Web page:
My pain was annoying. It wasn’t life threatening or the result of a traumatic accident or degenerative disease; I hadn’t dealt with it for decades. But it was pain, and it lingered, and it had a negative impact on basic daily activities, like sleeping on my side and moving from standing to sitting or vice versa.
Then, in 2012, Mark Miller (PT, Dip. MDT), for a solid hour or more, told me all the ways in which I was “deranged.” My reaction? If I ever see that man on the street, I’ll tackle him with an affectionate but borderline-illegal bear hug. (That inappropriate impulse might actually support the “deranged” diagnosis in more than one context, now that I think about it. But consider yourself on notice, Mr. Miller: forewarned is forearmed.)
If you, too, are in pain, find someone trained in the McKenzie Method to tell you you’re deranged. Because I’ve learned hard lessons, and you should learn from my mistakes.
Lesson #1: Stupid Human Gym Tricks Are Stupid
So a Stupid Human Gym Trick wrenched the hell out of my hip and quad. Don’t ask; I won’t tell. What I will tell is that for 15 months or more, every time I moved my hips or took steps or did anything with lower-body impact, I re-learned the lesson to eschew Stupid Human Gym Tricks (instead, and I can’t emphasize this enough, develop practical training goals, and follow a coherent training plan developed by someone who knows something about those goals and how to safely get you there). And (spoiler alert) I’ll also tell how I developed my undying affection for Mr. Miller and how the McKenzie Method brought me relief I didn’t think I’d get without surgery.
Lesson #2: The Googlez is Not a Trained Health-Care Professional
Immediately after my Stupid Human Gym Trick fail, I was simply happy I hadn’t broken my ankle. But a few days later, I realized my thigh was sore, really really sore. I hoped it would go away, so I backed off my workouts, Googled, talked to friends, took anti-inflammatories, stretched, foam rolled. These were, at best, temporary Band-Aids. Months went by (I let things linger longer than is probably advisable, which might be Lesson #2.A: When Standing Up, Sitting Down, and Lying On Your Side All Hurt, Take Action), and finally I sought out a health care professional trained in Active Release Therapy (ART). I didn’t have much guidance or experience with injury, and ART seemed like a reasonable next step.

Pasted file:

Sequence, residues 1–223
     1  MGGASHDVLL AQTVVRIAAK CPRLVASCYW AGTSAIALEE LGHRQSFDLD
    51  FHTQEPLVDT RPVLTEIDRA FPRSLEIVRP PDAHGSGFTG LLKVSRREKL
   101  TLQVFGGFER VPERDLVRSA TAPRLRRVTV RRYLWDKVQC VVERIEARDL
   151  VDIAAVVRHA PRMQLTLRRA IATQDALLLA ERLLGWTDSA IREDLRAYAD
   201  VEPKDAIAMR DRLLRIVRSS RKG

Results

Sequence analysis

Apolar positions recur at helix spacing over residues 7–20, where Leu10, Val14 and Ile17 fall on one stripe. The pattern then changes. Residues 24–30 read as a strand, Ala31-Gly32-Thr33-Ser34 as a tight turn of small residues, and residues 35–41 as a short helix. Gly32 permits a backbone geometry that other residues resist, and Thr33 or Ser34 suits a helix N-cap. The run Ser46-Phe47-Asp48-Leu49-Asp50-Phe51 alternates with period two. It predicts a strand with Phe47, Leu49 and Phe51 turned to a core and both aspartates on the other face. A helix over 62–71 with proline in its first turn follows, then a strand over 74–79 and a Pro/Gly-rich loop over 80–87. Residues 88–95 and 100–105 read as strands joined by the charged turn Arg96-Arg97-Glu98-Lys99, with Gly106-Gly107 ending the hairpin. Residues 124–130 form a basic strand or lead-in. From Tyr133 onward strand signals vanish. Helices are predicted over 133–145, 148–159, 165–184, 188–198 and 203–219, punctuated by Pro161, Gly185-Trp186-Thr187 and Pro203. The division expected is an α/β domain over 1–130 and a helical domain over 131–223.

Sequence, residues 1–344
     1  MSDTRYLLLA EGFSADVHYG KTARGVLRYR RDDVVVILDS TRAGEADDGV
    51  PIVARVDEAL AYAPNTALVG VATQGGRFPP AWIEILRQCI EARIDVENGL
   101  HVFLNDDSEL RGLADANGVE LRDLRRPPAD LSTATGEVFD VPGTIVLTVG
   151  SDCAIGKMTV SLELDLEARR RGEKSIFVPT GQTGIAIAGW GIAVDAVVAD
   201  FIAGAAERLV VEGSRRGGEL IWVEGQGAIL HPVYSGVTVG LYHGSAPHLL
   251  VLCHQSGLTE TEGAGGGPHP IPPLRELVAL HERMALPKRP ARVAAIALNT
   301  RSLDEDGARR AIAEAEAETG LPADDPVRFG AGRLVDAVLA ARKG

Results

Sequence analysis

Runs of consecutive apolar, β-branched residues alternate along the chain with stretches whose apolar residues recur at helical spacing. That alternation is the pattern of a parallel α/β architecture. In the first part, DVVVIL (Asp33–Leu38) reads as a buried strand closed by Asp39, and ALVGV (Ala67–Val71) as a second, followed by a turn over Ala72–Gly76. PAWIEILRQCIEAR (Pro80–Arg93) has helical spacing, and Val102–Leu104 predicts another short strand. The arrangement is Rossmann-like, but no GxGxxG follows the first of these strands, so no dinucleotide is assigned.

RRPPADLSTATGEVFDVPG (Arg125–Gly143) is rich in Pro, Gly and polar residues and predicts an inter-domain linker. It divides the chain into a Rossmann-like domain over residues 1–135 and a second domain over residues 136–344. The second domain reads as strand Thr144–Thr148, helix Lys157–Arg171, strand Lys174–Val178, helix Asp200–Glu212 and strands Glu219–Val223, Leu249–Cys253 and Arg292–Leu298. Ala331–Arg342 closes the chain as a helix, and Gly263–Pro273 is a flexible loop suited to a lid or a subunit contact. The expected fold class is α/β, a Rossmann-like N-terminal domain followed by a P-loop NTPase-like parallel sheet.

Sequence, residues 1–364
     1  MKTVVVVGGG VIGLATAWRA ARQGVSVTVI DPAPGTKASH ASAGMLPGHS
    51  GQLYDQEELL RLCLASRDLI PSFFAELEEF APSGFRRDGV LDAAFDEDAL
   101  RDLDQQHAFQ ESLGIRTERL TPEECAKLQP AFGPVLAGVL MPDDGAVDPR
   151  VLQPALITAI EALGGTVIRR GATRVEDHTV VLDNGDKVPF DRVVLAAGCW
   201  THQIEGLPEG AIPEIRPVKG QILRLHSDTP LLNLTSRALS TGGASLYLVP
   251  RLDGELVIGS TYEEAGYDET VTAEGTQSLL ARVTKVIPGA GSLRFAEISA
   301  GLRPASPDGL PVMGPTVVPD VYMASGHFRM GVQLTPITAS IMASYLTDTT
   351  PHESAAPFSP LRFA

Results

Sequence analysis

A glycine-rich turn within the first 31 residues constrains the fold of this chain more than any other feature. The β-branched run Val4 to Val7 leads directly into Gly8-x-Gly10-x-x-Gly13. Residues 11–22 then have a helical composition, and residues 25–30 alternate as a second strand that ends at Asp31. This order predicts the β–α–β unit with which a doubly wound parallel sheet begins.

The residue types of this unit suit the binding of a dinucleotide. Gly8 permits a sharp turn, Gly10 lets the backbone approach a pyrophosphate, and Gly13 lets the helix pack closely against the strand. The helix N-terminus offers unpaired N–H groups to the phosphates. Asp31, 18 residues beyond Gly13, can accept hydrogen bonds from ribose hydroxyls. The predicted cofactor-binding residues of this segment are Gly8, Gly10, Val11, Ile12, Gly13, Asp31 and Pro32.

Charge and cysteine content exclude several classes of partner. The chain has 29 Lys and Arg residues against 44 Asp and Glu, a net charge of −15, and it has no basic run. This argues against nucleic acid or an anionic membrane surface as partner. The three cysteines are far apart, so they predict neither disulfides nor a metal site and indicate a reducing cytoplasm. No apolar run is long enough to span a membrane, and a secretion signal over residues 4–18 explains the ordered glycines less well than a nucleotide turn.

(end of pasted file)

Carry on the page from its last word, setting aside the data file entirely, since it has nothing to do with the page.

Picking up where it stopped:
Yes, it was confirmed: big nasty adhesions in my thigh were making my life hell. Under the direction of a professional, there were x-rays, adjustments, massage therapy, heat, ice. Also, ultrasound and Graston. I was assigned do-at-home stretches, more foam rolling, directions for icing. For months, my thigh was so deeply and thoroughly bruised from my therapeutic efforts that people would gape and demand, “What HAPPENED?” Someone once said, “It’s painful to look at.”
My quad pain improved but was still not gone. More troubling was that as I got some relief in my thigh, I discovered hip mobility issues—I couldn’t squat below parallel. When I asked about mobility, I got more aggressive versions of the stretches I was already doing. When I asked if the pain would ever go completely away, I got vague answers: “You might always feel a tweak,” “There’s no way to know for sure,” “It may be worse if you’re fatigued.” None of those answers seemed right to me (do people without major trauma, from things like car accidents and Action Movie Balcony Dives, actually walk around every day in pain?), but I showed up for every appointment, followed every instruction to the letter.